COMMONWEALTH OF AUSTRALIACopyright Regulations 1969WARNINGThis material has been reproduced and communicated to you by or on behalf ofThink Education Group pursuant to Part VB of…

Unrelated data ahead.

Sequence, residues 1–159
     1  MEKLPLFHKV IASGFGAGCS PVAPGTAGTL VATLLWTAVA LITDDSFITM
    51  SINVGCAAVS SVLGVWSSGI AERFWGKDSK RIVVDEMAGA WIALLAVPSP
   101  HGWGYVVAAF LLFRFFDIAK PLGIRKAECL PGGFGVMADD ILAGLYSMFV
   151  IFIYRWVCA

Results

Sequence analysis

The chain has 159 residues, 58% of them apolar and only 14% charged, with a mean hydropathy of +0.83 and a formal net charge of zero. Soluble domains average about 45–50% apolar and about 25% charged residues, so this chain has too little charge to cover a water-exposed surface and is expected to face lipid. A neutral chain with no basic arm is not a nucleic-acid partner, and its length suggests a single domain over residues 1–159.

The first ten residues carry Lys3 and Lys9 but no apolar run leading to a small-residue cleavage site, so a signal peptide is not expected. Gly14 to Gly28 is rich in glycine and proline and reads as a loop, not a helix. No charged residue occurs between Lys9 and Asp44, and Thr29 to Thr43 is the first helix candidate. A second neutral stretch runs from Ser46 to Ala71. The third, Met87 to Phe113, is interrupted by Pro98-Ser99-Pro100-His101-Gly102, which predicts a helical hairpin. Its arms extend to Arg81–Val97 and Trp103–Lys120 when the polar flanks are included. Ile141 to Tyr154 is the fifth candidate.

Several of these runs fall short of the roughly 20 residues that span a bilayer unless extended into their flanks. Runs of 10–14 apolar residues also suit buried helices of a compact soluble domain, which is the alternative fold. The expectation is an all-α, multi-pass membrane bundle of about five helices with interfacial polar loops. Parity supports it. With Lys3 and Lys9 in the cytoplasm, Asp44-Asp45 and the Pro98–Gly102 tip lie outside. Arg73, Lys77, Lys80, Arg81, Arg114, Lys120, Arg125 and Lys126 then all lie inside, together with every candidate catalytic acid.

COMMONWEALTH OF AUSTRALIACopyright Regulations 1969WARNINGThis material has been reproduced and communicated to you by or on behalf ofThink Education Group pursuant to Part VB of the Copyright Act 1968 (the Act).The material in this communication may be subject to copyright under the Act. Anyfurther reproduction or communication of this material by you may be the subject ofcopyright protection under the Act.Do not remove this notice.ORIGINAL ARTICLEPsychological change from the inside looking out: A qualitativeinvestigationTIMOTHY A. CAREY1, MARGARET CAREY2, KIRSTEN STALKER3, RICHARD J. MULLAN4,LINDSEY K. MURRAY5, & MARGARET B. SPRATT51Centre for Applied Psychology, University of Canberra, Australia, 2Canberra, Australian Capital Territory, Australia,3Applied Educational Research Centre, University of Strathclyde Scotland, 4Coleraine Northern Ireland, and5Department of Clinical Psychology, Stratheden Hospital, ScotlandAbstractRegardless of the type of psychotherapy considered, change is the predominant goal. Psychotherapies differ in theirexplanations of how change occurs and what it is that needs to change, but pursuing change of something in some way iscommon. Psychotherapeutic methods, therefore, should be enhanced as knowledge of the change process improves.Furthermore, improving our knowledge about general principles of change may be of greater benefit to psychotherapy thanincreased knowledge about any particular change technique. This study addresses the questions ‘What is psychologicalchange?’ and ‘How does it occur?’ from patients’ viewpoints. Answers to these questions were sought using qualitativemethodology. At the end of treatment, 27 people were interviewed about their experience of change. Interviews were tapedand transcripts analysed using the Framework approach. Change occurred across three domains: feelings, thoughts andactions. Participants described change as both a gradual process and an identifiable moment. In relation to how changeoccurred, six themes emerged: motivation and readiness, perceived aspects of self, tools and strategies, learning, interactionwith the therapist and the relief of talking. Change was experienced in similar ways irrespective of type of treatment. Currentstage models of change may not be suited to the explanations of change provided by the participants of this study; the processof insight through reorganization might be a more accurate explanation. Understanding change as a process involving suddenand gradual elements rather than a process occurring through sequential stages could inform the development of moreefficacious psychological treatments.Keywords: Change, psychotherapy, insight, reorganisationRegardless of the type of psychotherapy considered,change is the predominant goal. Psychotherapiesdiffer in their explanations of how change occursand what it is that needs to change, but pursuingchange of something in some way is common.Psychotherapeutic methods, therefore, should beenhanced as knowledge of the change processimproves. Furthermore, improving our knowledgeabout general principles of change may be of greaterbenefit to psychotherapy than increased knowledgeabout any particular change technique (Rosen &Davison, 2003).Research backgroundPrimarily, we were interested in two questions: Whatis psychological change? and How does it occur? Itappears common in the psychotherapy literature todiscuss change without first defining it and explanations of the change process often equate to differences in pre- and post-questionnaire scores (Careyet al., 2006). Problems have also been identified withthe way change has been researched; for example,methodological difficulties are acknowledged (Greenberg, 1991; Lampropoulos, 2000) and neglect ofrigorous research of the change phenomenon hasbeen noted (Greenberg, 1994). Some authors havesuggested that a methodology other than experimental manipulation is needed (Elliott & Anderson, 1994;Greenberg, 1999). Specifically, the patient’s role hasbeen either under-emphasised or ignored (Duncan &Miller, 2000; Gordon, 2000; Messari & Hallam, 2003).Even though the client has been recognized as the‘site of change’ (Greenberg, 1991, p. 10), questionsabout the change process often focus on examininghow psychotherapy is helpful (e.g. Murray, 2002).Some notable exceptions to this general trend are,however, available in the literature and qualitativemethods are becoming more accepted as the mosteffective way of investigating certain types of researchCorrespondence: Timothy A. Carey, Centre for Applied Psychology, University of Canberra, ACT 2601, Australia. E-mail: [email protected] and Psychotherapy Research, September 2007; 7(3): 1781871473-3145 (print)/1746-1405 (online) – 2007 British Association for Counselling and PsychotherapyDOI: 10.1080/14733140701514613questions in psychotherapy (e.g. McLeod, 2000).Clarke, Rees, and Hardy (2004), for example, used aqualitative methodology to explore the experiences offive patients undergoing cognitive therapy. Theirparticipants’ experiences mapped on to the stagesof change described in the assimilation model (Stileset al., 1990) and the authors drew tentative conclusions about the way in which participants movedthrough the stages. Clarke et al. (2004) recommended conducting a study with more participantsand also looking at barriers to change by includingparticipants who did not change or who did notcomplete therapy. Perhaps incorporating other typesof therapies would also be worthwhile.Klein and Elliott (2006) combined both quantitativeand qualitative methods to explore the change process. They examined the experiences of 40 patientsundergoing process-experiential psychotherapy. Thepatients’ responses fitted pre-established categoriesbut some discordance between qualitative and quantitative approaches was noticed. This study looked atonly one type of psychotherapy and its emphasis wason the objects of change rather than the process ofchange.Rodgers (2006) also combined qualitative andquantitative measures to explore participants’ experiences of change. The 20 participants received different types of counselling and were interviewed before,during and after counselling and also at follow-up. Aswell as completing a standardised questionnaire,participants constructed life space maps (LSMs).Rodgers concluded that both the questionnaires andthe LSMs were useful in capturing information aboutparticipants’ change experience. The purpose of thiswork was to capture the individual significance ofeach participant’s change experience. However, thiswork is ongoing and Rodgers (2006) reported thatonly five people had completed therapy so far.Other researchers have used narrative methods tounderstand more clearly patients’ experiences ofpsychotherapy. Ku¨ hnlein (1999) conducted narrativebiographical interviews with 49 patients. She foundthat the processes of accommodation and assimilation could be used to explain the transformationspatients described undergoing in psychotherapy.Burnett (1999) used a different narrative approachby asking 35 patients who had completed counsellingto write a letter to a friend providing as much detail asthey could about what they learned in psychotherapy.Burnett suggested the outcomes of psychotherapycould be viewed within a learning framework throughthe Structure of Learning Outcomes taxonomy.While these studies have provided useful information about change in psychotherapy, they also indicate avenues for future research. For example, likeRodgers (2006), we were interested to interviewpeople who received different types of psychotherapies. We wanted to explore whether the same or adifferent change process could be discerned. Wewere also interested in discovering what patients’descriptions of change might be if we did notapproach the interviews with a pre-determined taxonomy or set of stages of change. The issues of howchange actually occurs does not appear to have beenaddressed in detail in other studies and we wanted topursue this area as well.To explore the questions ‘What is psychologicalchange?’ and ‘How does it occur?’ a qualitativemethodology was most appropriate. Qualitative research, derived from philosophy and anthropologyand widely used in social science, has been describedas ‘a form of social enquiry that focuses on the waypeople interpret and make sense of their experiencesand the world in which they live’ (Holloway, 1997,p.1). Qualitative research, based on subjective accounts, does not in and of itself provide unequivocalanswers but, rather, a range of experiential accounts.We considered, however, that these experientialaccounts would be essential building blocks in constructing a better understanding of change.MethodsRecruitmentWe planned to recruit between 25 and 30 participants, comprising some who reported change duringtherapy and some who did not. Because we wereinterested in exploring change generally, we did notrequire that participants had received the sameprogramme of therapy.Purposive or criterion-based sampling, common inqualitative research, was used to select participants.Here, certain criteria are identified as a basis forsample selection: generalisability is seen as lessimportant than the collection of rich data that enablesunderstanding of participants’ views and experiences(Holloway, 1997). A sampling grid (Ritchie & Lewis,2003) ensured a systematic approach to participantselection. There were no suggestions in the literaturethat change occurs differently for different groups ofpeople so we opted for general criteria.We used an age range of 1865 years and delineatedthree cohorts to maximise the likelihood of obtaining across-section of participants: 1830; 3144; and4565 (the final sample consisted almost entirely ofpeople in the older two cohorts with 13 people fillingthe third cohort and 12 filling the second cohort). Foreach cohort we set out to recruit equal numbers of menand women (although the final sample consisted of 18women and nine men). We also established the criteriaof ‘depressed’, ‘anxious’ and ‘other’ and allocatedparticipants to these categories based on informationWhat does this study explore?. The patients’ viewpoint on the questions,What is psychological change?’. ‘and ‘How does it occur?’Psychological change from the inside 179contained in their referral letter. If the referral lettermentioned ‘depression’ and no other diagnostic termsthe patient was assigned to the ‘depressed’ category.Patients who were not assigned to the ‘depressed’ or‘anxious’ category were assigned to the ‘other’ category. Patients in the ‘other’ category had variousproblems such as: anger, posttraumatic stress disorder,specific phobia, chronic fatigue syndrome, obsessionsand compulsions, paranoia, panic, chronic pain andalcohol addiction. While this method of initial presenting problems might not be useful for most purposes,our intention was to obtain a range of different kinds ofproblems from the pool of people referred to ourservice. The problem categories would not then biasthe analysis of the data. The median number ofappointments patients attended for was 6 (range134; interquartile range7).Patients’ names were taken from the waiting listin the order they appeared and assigned to one ofthe cells in the grid. Because people from Blackand minority ethnic backgrounds are under-represented in our service, any such individuals wereinvited to participate whenever a referral wasreceived, even if the desired number of participantsin the cell they were allocated to had already beenrecruited.Four clinical psychologists (a male with three yearsexperience and three females each with two yearsexperience), a counseling psychologist (a female withten years experience) and two cognitive behaviourtherapists (a male with seven years experience and afemale with ten years experience) recruited participants to the study. At the initial interview, eachtherapist explained the research to the potentialparticipants and gave them an information leafletand a consent form. Patients were told that they wereunder no obligation to participate, that their psychological treatment would not be affected by theirdecision and that they could withdraw at any time. Atthe completion of treatment, MC contacted participants who had consented and arranged an interviewtime. If patients did not return a permission formwithin two weeks of receiving it, one reminder letterwas sent.A total of 203 patients were invited to participate.Of these, 47 patients agreed to participate, 27 ofwhom took part in an interview. Some patients whoinitially gave consent could not be contacted bytelephone and did not respond to letters invitingthem to an interview. Others did not attend at thearranged time. Still others withdrew the permissionthey had earlier given. No patients of ethnic originwere recruited although three were sent permissionforms.ResearchersAs the investigators of this study, we provided a blendof research and clinical expertise. Four of us (TAC,RJM, LKM, MBS) were also therapists in this study.One of us (MC) is a research psychologist withexperience in interviewing and practicing psychotherapy. For this study MC conducted all the interviewsand provided no psychotherapy to any of theparticipants. She conducted the bulk of the analysis.KS has a background in social work and extensiveexperience as a qualitative methods researcher. Sheprovided technical expertise with qualitative methodsand consulted with MC throughout the analysis of theinterviews. TAC, MC, RJM and MBS are all interestedin understanding perceptual control theory (PCT) as atheoretical model of behaviour. TAC, RJM, and MBSused the Method of Levels (MOL) in this study as theirpsychotherapeutic treatment. Method of Levels is thepsychotherapeutic method informed by the principlesof PCT. LKM bases her psychotherapy around cognitive behaviour therapy with a particular interest inschema-focused psychotherapy.InterviewA topic guide, as suggested by Arthur and Nazroo(2003), was designed around our research questions.The topic guide is different from an interviewschedule in that it does not specify particular questions to be asked in a particular order but, rather,suggests topics for exploration. The questions askedin each interview, therefore, were slightly differentbut the main questions of ‘What is change’ and ‘Howdoes it occur’ formed the foci for all questions thatwere asked. From these two general questions fivethemes were identified for the topic guide. Thesethemes were: was there change; perceptions ofchange; timing of change; questions to ask in theabsence of change; and time for participants to addany other comments. Within these themes a range ofquestions were asked in response to the materialprovided by the participant (e.g. ‘How did you knowchange had occurred?’, ‘What would other peoplesay?’, ‘How did change happen?’, ‘What did you firstnotice when change began?’). Generally then, participants were not directed to talk about any particularaspect of change but, as they were asked to describewhat they understood change to be and how ithappened, MC asked appropriate supplementaryquestions. Thus, participants provided informationabout the content of the change in terms of whatchanged for them as well as the process ofthe change in terms of how these changes cameabout.The guide was piloted in the first two interviews.Minor amendments were made as necessary to clarifywording or where questions appeared repetitive.Since few changes were needed, data from the pilotinterviews were included in the final analysis. Prior tocommencing the interview, MC checked that theparticipant still consented to be involved inthe research and agreed to have the interview taped.Typically, interviews lasted between 45 and 60minutes.180 T. A. Carey et al.AnalysisAnalysis of the interview transcripts was broadlybased on Ritchie’s and Lewis’s (2003) Frameworkapproach. Framework is ‘a matrix based method forordering and synthesising data.’ (Ritchie et al., 2003,p. 219). The analytic process of Framework can bethought of as ‘conceptual scaffolding’ (Spencer et al.,2003, p. 213) in which an analytic framework isconstructed. Analytic frameworks are common todifferent qualitative approaches but the Frameworkmethod is a ‘largely cross-sectional analysis based oninterpretations of meaning’ (Spencer et al., 2003,p. 213).Guided by the Framework approach our analysiscomprised a number of stages. First, a subset of threetranscripts was indexed (coded) by the entire teamand a number of initial themes or concepts, relatingto the research questions, were identified. Next, MCcontinued the indexing procedure for the remaining24 transcripts resulting in a total of 22 categories,such as ‘the speed of change’, ‘the change moment’and ‘characteristics of the therapist’. The categoriesincreased throughout the analysis reflecting the continuous and iterative nature of the Frameworkmethod in which new themes are added as theyemerge throughout the analysis. Next, a series ofthematic charts were developed which set out eachmain theme followed by the relevant data from eachparticipant. This stage involved some refinement ofinitial themes, for example through the creation ofsub themes. Next, the data from this chart weresummarised and synthesized, allowing us to identifyemerging patterns, ‘deviant’ cases and move towardsa broader explanatory account. This involved ‘workingthrough the data systematically to ensure that all thecontent has been considered’ (Ritchie et al., 2003,p. 233).ResultsOf the 27 participants interviewed, two experiencedchange before they attended their first interview,three did not experience change during the course oftherapy and the remaining 22 experienced changeduring the course of therapy. The final categoriesfrom which our synthesis was constructed, along withexamples for each category, are provided in theappendices. Appendix A has four categories in answerto the question ‘What is psychological change?’,Appendix B provides examples of the descriptions ofthe change moment and Appendix C has six categories in answer to the question ‘How does psychological change occur?’. The explanation wesynthesised from these categories is provided below.Domains of changeWhen answering questions relating to ‘What ischange?’ many participants experiencing changedescribed what changed for them rather than articulating a definition of change (those who did notchange answered in terms of what change theywould have liked). Participants described experiencingchange in three domains: feelings, thoughts andactions (see Appendix A). With regard to feelings,some references were to the cessation of physicalsensations such as headaches, panic attacks and ‘justuncomfortable’. More frequently, participants talkedabout changes in their emotional state. They nolonger felt, in their words, depressed, low selfesteem, guilty, angry, uptight, aggressive and absolutely miserable but, instead, now felt more tolerant,relaxed, calm, chilled out, happy, better, positive and‘a rewarding feeling’. Remarkably, pre-change descriptions were entirely negative while post-changedescriptions were wholly positive.In terms of how their thoughts and attitudes hadchanged, a theme for several participants was a senseof a new beginning or a welcome return to theirformer, ‘real’ and ‘normal’ way of life or self (‘I lovelife again as I always used to . . . I thank God for thisnew day’; ‘I am now feeling closer to how I normallyam . . . to be more realistic about how you’re feeling . . . feeling more comfortable with my life’).Acceptance was an important attitudinal changefor several participants. In some cases, this was arecognition that a resigned acceptance, be it of adifficult relationship or a perceived character trait oftheir own, had acted as a barrier to change (‘There isno blackness over my outlook now: there was a dullacceptance that this was a mediocre rotten life thatI was leading’). For others, deciding to accept something which had previously been unrecognised orresisted was a useful coping strategy and a potentialway forward (‘I had a big life change . . . I had mydaughter . . . part of the whole kind of problem wasaccepting this life change and I went from being akind of full time professional to thinking I am going tobe a full-time mum . . . I thought I can be a full-timemum, it will be fantastic. It was accepting that lifechange and then accepting that perhaps my standards were too high . . . I had needed something morefor me’).Participants also described changes in behaviour.Some of these were significant because they concerned actions or activities that had formed the nubof the participant’s difficulties such as overcomingphobic anxieties or talking honestly to family members about painful issues that had long been avoided.Amount of changeAll participants gave some indication of the amount ofchange experienced. This varied considerably buteven those who may have remained within ‘clinical’ranges expressed satisfaction with the way they werenow able to live their lives. Asked to rate the amountof change on a scale from 0‘none’ to 10‘complete’, the majority chose around seven or eight,indicating considerable change had occurred. However there were exceptions (‘To be honest with you,Psychological change from the inside 181no, probably 0, the same, it didn’t help at all’; ‘Ithelped 100%. I am fine now. I feel better about 810now’). Several indicated that while a good deal ofchange had occurred, they hoped there was more tocome, suggesting the process was not complete(‘Two-thirds of the way. I feel as if I had read abook, I had read the first part, the middle part and thelast part of the book is missing’).How does change occur?When describing how change occurred*or how theyknew it had occurred, since this tended to be thefocus of participants’ comments*it was striking thatmany described change occurring both as a gradualprocess and at an identifiable*and memorable*moment (see Appendix B). Indeed, it seems changewas often experienced as both (‘I know that’s aparadox; it was sudden but it was gradual . . . One dayI felt so much better . . . one day I felt really good butwhen I thought about it, I had been feeling betterbefore that . . . it was gradual but the realization wassudden’).Many participants clearly expressed the vividness ofthe change moment. One participant reported hecould ‘visualise the point’ and another, ‘I couldactually hear it’. Some reported where they were atthe time they became aware of change ‘in the poolwith my husband’ or ‘in the second meeting with thetherapist’. The experience was described by several interms of a light going on, putting a shilling in themeter, a load being lifted. Others used more dramaticmetaphors*‘somebody has given me a shot ofsomething’, ‘like letting steam out of a kettle’.Although many of these participants also talked aboutchange as a process, there were fewer descriptions ofwhat this felt like, although one referred to ‘a buildingprocess, like a pyramid’.Participants’ accounts of how change occurred canbe grouped into six themes: motivation and readiness;perceived aspects of self; tools and strategies; learning; interaction with therapist; and the relief of talking(see Appendix C).Motivation and readinessFeeling ready and motivated to change was important. A common theme among several participantswas that they had reached ‘rock bottom’, did not likeit, and realised they could either stay there or start tocome back up. This was illustrated in use of phraseslike ‘enough is enough’, ‘not the road I want to goon’, ‘the end of my tether’ and ‘being down there’.Additionally, a couple of participants identified asense of shame about the state they were in, or fearof how others would view them, as a driver forseeking change. Other factors contributing to readiness were a realisation that avoiding the problem wasnot going to solve it and a determination to tackle theissues.Perceived aspects of selfThe second theme encompassed factors that participants believed both hindered and facilitated change.These included personality type, character attributes,past experiences including childhood trauma, culturalinfluences, anxiety about what others thought ofthem, and the perceived impact of their ‘illness’ (‘I ama bit of a perfectionist’, ‘My past’s with me everyday . . . I need to prove that I’m not my mum’). Someparticipants recognised that they were resistant tofacing up to certain issues and, thus, to change.Tools and strategiesSome participants referred to various tools andstrategies that helped bring about change. Theseincluded relaxation techniques, diaries, activity charts,information, homework set by the therapist andmedication. With the possible exception of the last,a common element was that these tools were ameans whereby participants felt able to gain controlover their situation.LearningA number of participants identified learning as anecessary part of the change process. Some hadgained new insights about themselves, some hadlearnt a different way of looking at their situation andsome had become aware of the root of their problem.For several, there was a sense of arriving at a ‘realself’. A few had been aware of learning as an iterativeprocess (‘I have not really been a learning fromtextbook person. I learn probably more hands-ontype person so probably talking in the therapy mademore impact for me than doing homework; it justisn’t my way of learning’). In contrast, a couple ofparticipants suggested that learning had taken placewithout their having been aware of the process(‘I don’t realise at the time what has gone in; it’sthere and you think, ‘Oh, I’ve learnt!’ I don’t knowwhat I have got until it’s displayed to me’).Interaction with therapistThe majority of participants had a good deal to sayabout the nature of their interactions with thetherapist and again a number of common themesemerged. The feeling that they were not being judgedwas crucial and often contrasted with perceivedreactions of family and friends. Similarly, the factthat the therapist had no personal connections withthe participant, no previous knowledge or preconceptions about them, was reassuring. Although in thatsense removed, the therapist was also seen as asource of help and support (‘It was nice to talk tosomebody outside the family . . . somebody thatdidn’t have any background on me, didn’t knowwhether I was good, bad or anything but prepared tosit and listen to me, listen to my problems and try andhelp you get over them’).182 T. A. Carey et al.These factors in turn enabled the participants toplace trust in the therapist and thus, to be open andhonest about their situation. In many cases this contrasted with the difficulties they had experienced insharing information and feelings with those ‘close’ tothem. For some, it was important that the journey wasbeing shared, others felt they were on their own butwith the therapist playing a supportive role, whileothers wanted to be told what to do. Most, however,attributed the change to their own hard work (‘It wasme that was doing all the talking . . . [the therapist]wasn’t just telling me what to do all the time and thatmade a difference . . . he was like asking you what youwere wanting to do, instead of telling you what to do’).The relief of talkingSome participants identified talking as an importantfactor in change. In particular, they contrasted therelief of finally being able to speak openly about theirproblems with the tension arising from endlesslythinking about them and the associated unpleasantemotions. There was a sense that it was both hard totalk and good to talk (‘Just being able to speak aboutit instead of just keeping it into myself, thinking in myhead and going round and round, bottling itup . . . that is something I have never ever reallydone’). These participants felt an enormous releaseas they shared feelings and experiences that they hadnever previously told anyone (‘I was letting everythingout, I felt like I was cleaning out the rubbish bin’).In summary, participants clearly identified whatchanged in terms of their feelings, thoughts andactions. They also quantified the change from negative to positive experiences. Those who reported thatchange had not occurred were nevertheless able todescribe what had prevented change occurring*usually in terms of perceived aspects of self. Manyparticipants described change as both a gradualprocess and a sudden moment when things ‘clicked’into place. There was no systematic description of aseries of stages that participants felt they had movedthrough. Rather, our findings suggest that, for changeto occur, the individual needs to be ready andmotivated, play an active role, use appropriate toolsand strategies which work for them, learn, talk to animpartial but supportive person and move beyondthinking about the problem. Additionally, the dataindicate that certain aspects of self or of personalexperience can facilitate change, including determination and open mindedness, while others may get inthe way. Participants’ accounts point to an interplaybetween internal and external factors but the activerole they ascribe to themselves gives support to thenotion of the patient as an active self-healer (Gordon,2000).DiscussionIn setting out to learn about the process of psychological change from people who were seeking toundergo this change we posed two research questions and recruited 27 people to be interviewed aboutthe process of change. Despite the fact that participants were both men and women, of different ages,who experienced different problems and underwentdifferent types of psychotherapy from different psychotherapists, a number of common elementsemerged in their accounts of change.Generally, participants were unable to provide adefinition of change. Given how convinced participants were of the change they had experienced wewere surprised that they were unable to define thisprocess and we were unable to arrive at a compellingexplanation for why this might be so. Participantscould, however, quantify the change they experienced. Participants were certain about whether or notthey had experienced a change moment but thenature of this moment was less tangible. Someaspects of participants’ accounts, such as the needto be motivated or ready to change or the importanceof the relationship with the psychotherapist, are notnew. What this study offers that is new, however, isthat these descriptions have come from the peopleexperiencing the change rather than other sourcesand the descriptions were not guided by assumptionsabout any particular stages of change model.The notion of change emerging from these accounts may raise questions about models that describe change as a series of stages (e.g. Prochaska &Norcross, 2001). Participants did not describe proceeding through a series of stages as they changed.Rather, they described a period of negativity, then asudden change moment and then a protracted periodof positivity. Possibly, participants progressed througha series of stages and were unaware that this waswhat they were doing. Also, perhaps a different kindof interview with more structured questions mighthave produced responses that endorsed stages ofchange. It might also be possible, however, thatchange is not accurately or fully conceptualized by astages model. For example, the findings of thepresent study are in contrast to those of Clarkeet al. (2004). The small number of participants theyinterviewed (five), along with the homogeneity of thecognitive therapy received, may explain their findingsin support of a stages-of-change model. Perhapsparticipants’ reports reflected the structured andWhat does this study tell us?. Change occurred across three domains:feelings, thoughts and actions. It was described as both a gradual process andan identifiable moment. Six themes described how change occurred:motivation and readiness, perceived aspects ofself, tools and strategies, learning, interactionwith the therapist and the relief of talkingPsychological change from the inside 183sequential nature of cognitive therapy rather thanrevealing an underlying process of alteration.Research in the insight literature appears to matchthe descriptions from participants in our study. Insight, which can be thought of as ‘the clear andsudden understanding of how to solve a problem’(Bowden et al., 2005, p. 322), seems to have thefollowing properties: an impasse is reached whereprogress towards a solution is halted, the ‘Aha!’ isexperienced; the solution is experienced as arisingsuddenly; the correctness of the solution is immediately recognised; the processing that leads fromimpasse to solution is not able to be reported (JungBeeman et al., 2004). Additionally, some authorsdescribe a period of time after the ‘Aha!’ experiencewhere the details of the solution are fleshed out orthe implications for their realisation are applied(Davidson, 1995; Schooler et al., 1995). The descriptions provided by the participants of our study seemto embody these principles.An account of how insight might occur is providedby the process of reorganisation as described inperceptual control theory (PCT) (Powers, 2005). Inreorganisation, aspects of the neural network arealtered by a random, trial-and-error process until errorin the network is reduced and the ability to functionas desired is restored (Powers, 2005). People experiencing psychological distress are unable to controlexperiences that are important to them. Reorganisation is posited to be the process that re-establishescontrol when it is compromised (Carey, 2006).Perceptual control theory, therefore, could serve asan integrative theory that explains how changeoccurs, in the form of insight, during psychologicaldistress.In some ways, the assimilation model (Stiles et al.,1990) is very similar to the process of reorganisationdescribed in PCT. The principal components of theassimilation model include ‘(a) schema, (b) problematic experience, and (c) the complementary processes of assimiliation and accommodation’ (Stileset al., 1990, pp. 411412). Whereas the assimilationmodel is a conceptual model of change, however,PCT is a functional model that uses simulations to testbasic principles. From a PCT perspective the process ofhow change occurs is common while the content ofwhat changes is idiosyncratic. In psychological treatments then, rather than teaching skills or providinginformation, it may be more important to facilitateprogress towards an impasse and then to support theperson while they experience this impasse anddevelop insights to resolve it rather than trying toavoid it. The procedure suggested here seems consistent with some well-established procedures such asexposure. Perhaps psychotherapy treatments wouldbenefit from investigating ways of applying the sameunderlying principles to other treatments.This study is not without its limitations. Althoughthe qualitative methodology is appropriate for thequestions we have asked, the conclusions we candraw are limited. The participants we recruited weremostly adults in our upper age category and, perhaps,a higher proportion of younger people may have ledto different findings. We did not pay attention towhether or not participants had received psychological therapy prior to their current treatment butperhaps a consideration of the experience of relapsewould shed further light on the phenomenon ofinsight. Furthermore, we only interviewed patients atthe end of their treatment programme.Our learning from this research suggests newavenues of investigation. It might be useful to comparea stages-of-change model, such as the assimilationmodel, with a change-by-reorganisation model. Perhaps functional models of these could be constructedand the data used to judge which model mostaccurately simulates the phenomenon of changedescribed by patients receiving psychotherapytreatment. Also, a psychotherapy based on a stagesof-change model could be compared with a psychotherapy based on a change-by-reorganisationmodel. Are there any differences? Do different typesof problems suit one model better than the other?Other pragmatic considerations might provide information regarding the robustness of the explanation of change constructed from this study. Futurestudies could perhaps target a younger populationmore specifically to explore how compatible youngpeople’s experiences of change are with the accountwe have constructed here. Following Rodgers (2006)lead, it might also be illuminating to collect data fromparticipants at different times during their psychotherapy experience.If the aim of psychological treatment is topromote change, these findings may have importantimplications. Perhaps the most fundamental implication is that it is essential to listen to those who areundergoing change in order to understand thisprocess more accurately. By listening more carefullyto clients we may discover that some treatmentsneed to be revised dramatically while others needto change hardly at all. If all treatments, however,become more consistent with facilitating the changeprocess as it is experienced by those who undergoit, then the effectiveness of these treatments shouldimprove. This seems like an important outcome topursue.AcknowledgementsThis research was supported by a grant from East ofScotland Primary Care Research Network (EastRen),Grant number 92-03.ReferencesArthur, S., & Nazroo, J. (2003). Designing fieldwork strategies andmaterials. In J. Ritchie & J. Lewis (Eds.), Qualitative ResearchPractice: A Guide for Social Science Students and Researchers(pp. 109137). London: Sage.Bowden, E. M., Jung-Beeman, M., Fleck, J., & Kounios, J. (2005).New approaches to demystifying insight. TRENDS in CognitiveScience, 9, 323328.184 T. A. Carey et al.Burnett, P. C. (1999). 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Psychotherapy, 27, 411420.Psychological change from the inside 185Appendix AExamples of participants’ responses to the question ‘‘What is psychological change’’.Categories Concrete examplesFeelings ‘I feel better, I feel much better . . . because I said things that I have wanted to say for years.’‘I am happier, I am happier with life, I am not so depressed . . . more tolerant.’‘I was just overcome by it all . . . went home and cried and cried . . . and felt better . . . it was like anemptiness . . . but it wasn’t a feeling of sadness.’Thoughts ‘I am not a bad, bad person, those were the thoughts that I had, am I a bad person that I am getting allthis, why me . . . I would burst into tears for nothing . . . I don’t think like that now.’‘Everything was confused inside me . . . your life is such a mess . . . now I have the inner strength*astrength to deal with what I have to deal with . . . I wanted my life back.’‘I used to think . . . if I say this, make a suggestion and everybody thinks it’s stupid . . . why should Ithink that . . . it’s just believing that you are just equal to everybody else.’Actions/behaviour ‘I started hill walking, doing a bit of running, I went swimming, it definitely made a difference.’‘When I am really down, I fight it . . . by telling myself to get up and do something.’‘I don’t really want to be different, I just want to be better . . . I am just working on it.’Amount of change ‘It’s like night and day.’‘About an 8 . . . now, about a 7 to 8 . . . not quite there yet but it’s getting there.’‘A big change . . . from 0 . . . to about 7 . . . I am still about the 7 mark . . . I would like to think that Icould get to 9.’Examples of participants’ descriptions of the change moment.Concrete examples‘As if somebody has pressed a button . . . switched the bad parts off and the good parts on.’‘I kind of felt better within myself at that point . . . it suddenly clicked . . . everything that had gone on in my life previous . . . not beingaccepted, it clicked and that was it, it felt right . . . it clicked into place.’‘It was like a wee volcano . . . it clicked.’‘It was like one of those big things on the wall at an electricity plant and that’s exactly it, it went, it was it was like ‘ping’ and then itwas like I could see things clearly.’Appendix BAppendix CExamples of participants’ responses to the question ‘How does psychological change occur’.Categories Concrete examplesLearning ‘I also learned that there were also . . . many, many different ways of reacting to anything.’‘I would take a lot of stuff home to read about assertiveness . . . as I was reading it . . . I would just think, ohyeah well let’s try that and let’s think that.’‘I realised the root of the problem and tried to put them into perspective.’Motivation and readiness ‘I was desperate to get back, it took a wee while before I wanted to get back, I kind of self-wallowed . . . Iwas desperate to get back to my old self because where I was, wasn’t me, it was alien and I didn’t want tobe there.’‘I was ashamed of being down there, I was ashamed of that . . . I was ashamed of it . . . why are you lettingyourself go down there?’‘I felt the situation just couldn’t go on the way it was going on.’Perceived aspects of self ‘Quite strong . . . if I put my mind to do something . . . I force myself because I know if I don’t I will just getinto a rut and I don’t want to . . . I think it my inner strength that allows me to fight it.’‘I really, really wanted to get back to work . . . I am a very strong person mentally.’‘I am really deep and my own worst enemy.’The relief of talking ‘Let me get everything out, let me relieve myself of everything.’‘Never opened up as much . . . I’ve spoke and spoke and spoke.’‘It’s amazing . . . hearing your own thoughts coming out, because I had never really spoken them before.’186 T. A. Carey et al.Appendix C (continued)Categories Concrete examplesInteraction with therapist ‘A totally independent person . . . not biased to anything they know about you, they don’t judge yourcharacter or they think they know you . . . on neutral ground.’‘It was braw [great] . . . to get things off my chest . . . a stranger, they didn’t know me . . . they widn’t butt inor have an answer for me.’‘Being able to talk freely to somebody who isn’t going to judge you, who doesn’t have anything to do withyou.’Tools and strategies ‘It’s the changes in behaviour that I learned . . . I basically just applied those techniques to everything andeverything seemed easier.’‘I’ll try to do it before I come to see you next, so that gave me a goal . . . I knew I would have to do it becauseI said I was going to do it.’Psychological change from the inside 187